The book also suffers from occasional clichés. Even if the boys in the neighborhood really were looking at native women in National Geographic, it’s a story told so often it should have been bypassed. The one good thing about Internet porn is that quaint story will fall out of the collective unconscious by another generation.
Also, the anecdotes are so smart, clever, and quirky that I began to wonder if they were all really true. She tells a story about her mother working at the unemployment office making ten dollars more than the unemployed “but they only had to come in one day a week instead of five,” which is a gag I have heard comedian Bob Newhart tell. There is also the time she thought she was being clever and wrote a dirty poem in her school anthology. She explains the first letter of every other word spelled out an expletive-filled phrase, but she was off one word.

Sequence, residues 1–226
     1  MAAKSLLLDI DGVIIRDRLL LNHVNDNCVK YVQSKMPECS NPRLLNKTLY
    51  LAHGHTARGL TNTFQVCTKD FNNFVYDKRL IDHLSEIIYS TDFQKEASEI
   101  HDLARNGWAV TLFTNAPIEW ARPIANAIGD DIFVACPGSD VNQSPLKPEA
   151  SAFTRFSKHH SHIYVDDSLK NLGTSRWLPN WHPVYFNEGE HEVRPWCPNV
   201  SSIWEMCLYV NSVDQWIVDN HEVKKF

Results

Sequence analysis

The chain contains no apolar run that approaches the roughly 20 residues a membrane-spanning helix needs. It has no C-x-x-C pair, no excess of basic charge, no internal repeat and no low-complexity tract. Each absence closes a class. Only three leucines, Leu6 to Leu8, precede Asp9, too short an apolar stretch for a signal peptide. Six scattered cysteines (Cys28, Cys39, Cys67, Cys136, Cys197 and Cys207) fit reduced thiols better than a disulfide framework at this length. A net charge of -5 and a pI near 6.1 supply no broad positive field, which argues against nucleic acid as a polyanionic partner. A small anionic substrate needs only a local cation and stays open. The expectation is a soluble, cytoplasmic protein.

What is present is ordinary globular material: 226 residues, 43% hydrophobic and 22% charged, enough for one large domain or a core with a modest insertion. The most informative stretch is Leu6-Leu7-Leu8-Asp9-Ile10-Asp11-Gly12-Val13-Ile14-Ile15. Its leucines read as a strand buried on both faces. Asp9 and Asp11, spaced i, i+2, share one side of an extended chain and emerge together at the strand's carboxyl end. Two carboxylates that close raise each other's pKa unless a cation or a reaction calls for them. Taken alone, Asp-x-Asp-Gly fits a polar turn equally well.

Buffalo Gal is like a friend or family member reminiscing about the good times with not much in the way of strife or conflict even with her having to deal with her parents divorce. It’s a nice, pleasant, angst-free read.
An excerpt of the memoir about “God’s Frozen People” can be read at Pedersen’s website.